Recently I had the pleasure of teaching a section of one of our Honors classes at my university. This particular class is broken up into four sections with a different instructor assigned to each section. We are given total freedom to design our topic for our section and for mostly personal reasons I chose – Anarchy! My personal reasons for choosing anarchy are twofold: 1) I was (and maybe still am) ignorant of the anarchist intellectual tradition. In other words, I had not read a lot of anarchist work. 2) I wanted to see how much of an anarchist I actually am. Occasionally, I like to affect a radical posture but when it all goes down (or the bullets start to fly as the case maybe) the sniveling liberal side of me will most likely win out. Our reading list is below. I tried to cover the terrain as best as I could for only four weeks:
We started with Kropotkin to give us a basic definition and a base to start from. His definition of anarchism we thought was thorough and useful. To wit:
The name given to a principle or theory of life and conduct under which society is conceived without government – harmony in such a society being obtained, not by submission to law, or by obedience to any authority, but free agreements concluded between various groups, territorial and professional, freely constituted for the sake of production and consumption, as also for the satisfaction of the infinite variety of needs and aspirations of a civilized being.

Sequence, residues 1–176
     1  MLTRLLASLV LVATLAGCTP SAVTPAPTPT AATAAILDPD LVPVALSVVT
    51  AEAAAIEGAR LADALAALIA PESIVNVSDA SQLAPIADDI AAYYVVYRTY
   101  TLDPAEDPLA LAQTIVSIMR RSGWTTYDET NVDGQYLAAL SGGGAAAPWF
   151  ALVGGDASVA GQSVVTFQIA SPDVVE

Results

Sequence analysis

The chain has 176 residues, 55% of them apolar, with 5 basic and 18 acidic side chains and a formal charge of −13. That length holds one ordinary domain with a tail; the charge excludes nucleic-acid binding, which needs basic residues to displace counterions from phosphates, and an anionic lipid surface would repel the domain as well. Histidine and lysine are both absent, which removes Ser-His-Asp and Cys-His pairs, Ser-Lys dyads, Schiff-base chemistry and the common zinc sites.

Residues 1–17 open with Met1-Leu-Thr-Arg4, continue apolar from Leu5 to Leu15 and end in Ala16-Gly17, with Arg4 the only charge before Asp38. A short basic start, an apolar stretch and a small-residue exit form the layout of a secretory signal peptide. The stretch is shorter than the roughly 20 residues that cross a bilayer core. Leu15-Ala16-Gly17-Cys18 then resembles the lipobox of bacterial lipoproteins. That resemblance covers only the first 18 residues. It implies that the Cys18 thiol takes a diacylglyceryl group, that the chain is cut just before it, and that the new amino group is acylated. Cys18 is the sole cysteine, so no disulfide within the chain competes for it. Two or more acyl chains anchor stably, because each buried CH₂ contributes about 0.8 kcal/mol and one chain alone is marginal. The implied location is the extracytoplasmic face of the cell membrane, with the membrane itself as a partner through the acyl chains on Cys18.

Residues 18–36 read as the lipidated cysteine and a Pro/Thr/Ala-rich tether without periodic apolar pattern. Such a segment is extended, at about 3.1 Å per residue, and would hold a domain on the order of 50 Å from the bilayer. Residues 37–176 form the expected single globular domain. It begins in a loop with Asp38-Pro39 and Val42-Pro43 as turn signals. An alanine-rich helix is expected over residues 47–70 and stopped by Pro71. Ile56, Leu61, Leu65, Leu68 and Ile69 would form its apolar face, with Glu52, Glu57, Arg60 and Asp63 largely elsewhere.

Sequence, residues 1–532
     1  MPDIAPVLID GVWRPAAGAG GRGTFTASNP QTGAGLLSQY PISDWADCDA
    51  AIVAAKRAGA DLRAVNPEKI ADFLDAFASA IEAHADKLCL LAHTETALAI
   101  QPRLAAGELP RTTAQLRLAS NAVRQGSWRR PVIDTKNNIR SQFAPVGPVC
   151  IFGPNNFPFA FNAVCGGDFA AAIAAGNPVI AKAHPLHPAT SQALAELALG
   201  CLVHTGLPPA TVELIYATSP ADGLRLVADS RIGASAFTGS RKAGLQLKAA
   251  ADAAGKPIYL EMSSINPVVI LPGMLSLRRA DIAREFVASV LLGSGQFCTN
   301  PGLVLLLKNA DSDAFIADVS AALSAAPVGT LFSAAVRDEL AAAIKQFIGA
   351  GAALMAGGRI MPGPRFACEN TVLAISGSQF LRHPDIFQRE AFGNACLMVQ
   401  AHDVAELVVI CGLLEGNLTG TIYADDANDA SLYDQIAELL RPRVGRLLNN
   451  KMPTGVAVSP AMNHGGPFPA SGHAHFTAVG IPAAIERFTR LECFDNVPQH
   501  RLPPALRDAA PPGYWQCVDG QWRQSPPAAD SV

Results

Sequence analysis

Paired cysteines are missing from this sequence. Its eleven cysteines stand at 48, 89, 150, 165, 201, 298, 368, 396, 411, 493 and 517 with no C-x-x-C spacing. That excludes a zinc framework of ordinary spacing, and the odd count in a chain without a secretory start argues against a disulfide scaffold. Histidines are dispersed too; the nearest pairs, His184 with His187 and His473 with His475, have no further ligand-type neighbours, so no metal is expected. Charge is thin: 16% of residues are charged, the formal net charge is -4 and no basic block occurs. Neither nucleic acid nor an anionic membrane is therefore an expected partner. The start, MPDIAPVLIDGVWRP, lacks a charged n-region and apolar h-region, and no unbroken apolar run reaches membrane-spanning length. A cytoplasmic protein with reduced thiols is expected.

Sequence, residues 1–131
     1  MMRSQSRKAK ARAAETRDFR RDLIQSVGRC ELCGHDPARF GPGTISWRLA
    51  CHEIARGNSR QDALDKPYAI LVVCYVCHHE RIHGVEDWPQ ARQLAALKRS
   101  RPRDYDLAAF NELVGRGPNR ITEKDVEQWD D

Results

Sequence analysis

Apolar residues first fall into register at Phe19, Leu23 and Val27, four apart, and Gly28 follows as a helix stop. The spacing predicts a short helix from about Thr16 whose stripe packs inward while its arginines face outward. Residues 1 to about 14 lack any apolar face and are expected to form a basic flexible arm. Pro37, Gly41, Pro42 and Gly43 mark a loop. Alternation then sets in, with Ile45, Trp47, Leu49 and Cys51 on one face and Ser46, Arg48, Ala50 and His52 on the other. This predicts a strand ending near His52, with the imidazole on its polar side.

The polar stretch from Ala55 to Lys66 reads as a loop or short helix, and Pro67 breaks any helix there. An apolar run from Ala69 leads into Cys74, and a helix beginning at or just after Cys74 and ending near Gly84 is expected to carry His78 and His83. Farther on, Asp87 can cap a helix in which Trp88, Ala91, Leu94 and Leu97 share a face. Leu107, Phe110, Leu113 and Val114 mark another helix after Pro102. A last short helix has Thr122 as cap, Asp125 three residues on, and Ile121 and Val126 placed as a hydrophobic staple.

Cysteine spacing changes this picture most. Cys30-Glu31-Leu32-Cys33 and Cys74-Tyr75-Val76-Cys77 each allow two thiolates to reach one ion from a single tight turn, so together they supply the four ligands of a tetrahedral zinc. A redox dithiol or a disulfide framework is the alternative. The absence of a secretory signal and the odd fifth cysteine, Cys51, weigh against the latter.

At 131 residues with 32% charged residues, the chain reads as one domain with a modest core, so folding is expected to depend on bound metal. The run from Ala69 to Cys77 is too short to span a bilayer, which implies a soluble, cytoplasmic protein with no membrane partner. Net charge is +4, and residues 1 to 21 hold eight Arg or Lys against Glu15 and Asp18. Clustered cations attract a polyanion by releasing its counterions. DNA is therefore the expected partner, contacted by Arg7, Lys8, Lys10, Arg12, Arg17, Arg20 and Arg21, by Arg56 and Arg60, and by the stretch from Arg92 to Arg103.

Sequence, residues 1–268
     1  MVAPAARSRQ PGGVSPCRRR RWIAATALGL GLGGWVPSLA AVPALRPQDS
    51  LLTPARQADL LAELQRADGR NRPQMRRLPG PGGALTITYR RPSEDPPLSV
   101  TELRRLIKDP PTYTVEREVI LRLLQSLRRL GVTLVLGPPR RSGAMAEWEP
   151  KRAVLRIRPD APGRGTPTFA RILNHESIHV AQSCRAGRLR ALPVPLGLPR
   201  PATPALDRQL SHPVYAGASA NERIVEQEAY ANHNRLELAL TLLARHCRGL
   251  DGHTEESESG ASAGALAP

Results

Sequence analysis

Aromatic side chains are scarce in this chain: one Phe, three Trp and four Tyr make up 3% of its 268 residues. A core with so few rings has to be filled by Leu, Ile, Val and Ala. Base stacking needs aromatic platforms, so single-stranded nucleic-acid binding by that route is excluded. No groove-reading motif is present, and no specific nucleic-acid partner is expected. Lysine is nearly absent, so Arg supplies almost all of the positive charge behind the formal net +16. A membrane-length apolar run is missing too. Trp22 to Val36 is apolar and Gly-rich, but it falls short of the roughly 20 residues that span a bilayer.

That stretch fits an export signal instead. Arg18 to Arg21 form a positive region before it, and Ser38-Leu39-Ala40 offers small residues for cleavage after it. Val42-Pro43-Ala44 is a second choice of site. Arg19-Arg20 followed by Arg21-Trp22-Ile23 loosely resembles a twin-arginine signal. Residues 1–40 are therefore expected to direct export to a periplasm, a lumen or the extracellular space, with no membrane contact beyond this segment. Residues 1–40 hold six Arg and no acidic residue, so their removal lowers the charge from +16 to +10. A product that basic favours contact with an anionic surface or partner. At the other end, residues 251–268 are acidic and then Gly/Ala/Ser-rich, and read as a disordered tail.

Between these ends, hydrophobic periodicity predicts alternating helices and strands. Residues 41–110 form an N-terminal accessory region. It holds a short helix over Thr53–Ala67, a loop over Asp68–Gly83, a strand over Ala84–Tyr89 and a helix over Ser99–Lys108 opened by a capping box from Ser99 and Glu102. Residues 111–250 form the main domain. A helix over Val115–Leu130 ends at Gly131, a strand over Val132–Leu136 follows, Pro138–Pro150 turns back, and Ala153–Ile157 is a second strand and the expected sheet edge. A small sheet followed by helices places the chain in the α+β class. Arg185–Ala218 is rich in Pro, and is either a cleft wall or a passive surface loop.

This definition gave us an important starting point, namely that anarchism is not chaos, disorder, and violence as may be commonly assumed. The definition also gave us the theme that I kept coming back too throughout our section which is how necessary is hierarchy? Can we as human live without hierarchies? Obviously anarchism says yes but this was the main question we wanted to explore. For the students, all of them felt that some hierarchies are necessary (e.g. parents over children) but many of them also felt that many of the hierarchies in their (and our – the contemporary U.S.) lives were unjust. For example, almost all of them agreed with James Scott’s critique of the American education system and its over reliance on standardized tests and squelching of creativity (maybe the perils of high school were still fresh in their minds?).
For myself, I haven’t come up with an adequate answer to the question. Much of what we read was inspiring (with the exception of Rothbard) and invigorating making me want to head out for the next commune I could find. On the other hand, I recognize that the state is necessary to carry out certain large scale tasks and (in some instances) justice. Sometimes the state needs to step in to protect the vulnerable from oppression and violence from others. The obvious irony here is it is also the state that engages in such oppression and violence often itself.
My tentative takeaway then from my brief study of anarchism is that it is worthwhile to adopt what James Scott calls the “anarchist squint.” In other words, to look at the world from the anarchist lens to see not only the instances of violence and repression that the state can deliver but also the order than can come from local and vernacular modes. Scott himself is not a full blown anarchist, his book is called two cheers for anarchism after all, but his way of looking at the world (derived from long time observation and study of peasants and rural communities) is useful to utilize. It’s not bad to engage in what one of my students called “mild instances of anarchy” just to keep the state honest I suppose.